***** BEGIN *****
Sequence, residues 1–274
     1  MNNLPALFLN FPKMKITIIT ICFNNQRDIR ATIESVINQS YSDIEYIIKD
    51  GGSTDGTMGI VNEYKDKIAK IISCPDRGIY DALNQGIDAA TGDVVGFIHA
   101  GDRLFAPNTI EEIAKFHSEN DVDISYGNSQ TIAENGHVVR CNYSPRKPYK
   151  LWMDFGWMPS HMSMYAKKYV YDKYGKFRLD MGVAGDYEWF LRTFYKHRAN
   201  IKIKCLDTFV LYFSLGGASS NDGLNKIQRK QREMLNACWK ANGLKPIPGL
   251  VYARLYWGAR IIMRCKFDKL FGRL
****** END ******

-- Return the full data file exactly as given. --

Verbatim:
Sequence, residues 1–274
     1  MNNLPALFLN FPKMKITIIT ICFNNQRDIR ATIESVINQS YSDIEYIIKD
    51  GGSTDGTMGI VNEYKDKIAK IISCPDRGIY DALNQGIDAA TGDVVGFIHA
   101  GDRLFAPNTI EEIAKFHSEN DVDISYGNSQ TIAENGHVVR CNYSPRKPYK
   151  LWMDFGWMPS HMSMYAKKYV YDKYGKFRLD MGVAGDYEWF LRTFYKHRAN
   201  IKIKCLDTFV LYFSLGGASS NDGLNKIQRK QREMLNACWK ANGLKPIPGL
   251  VYARLYWGAR IIMRCKFDKL FGRL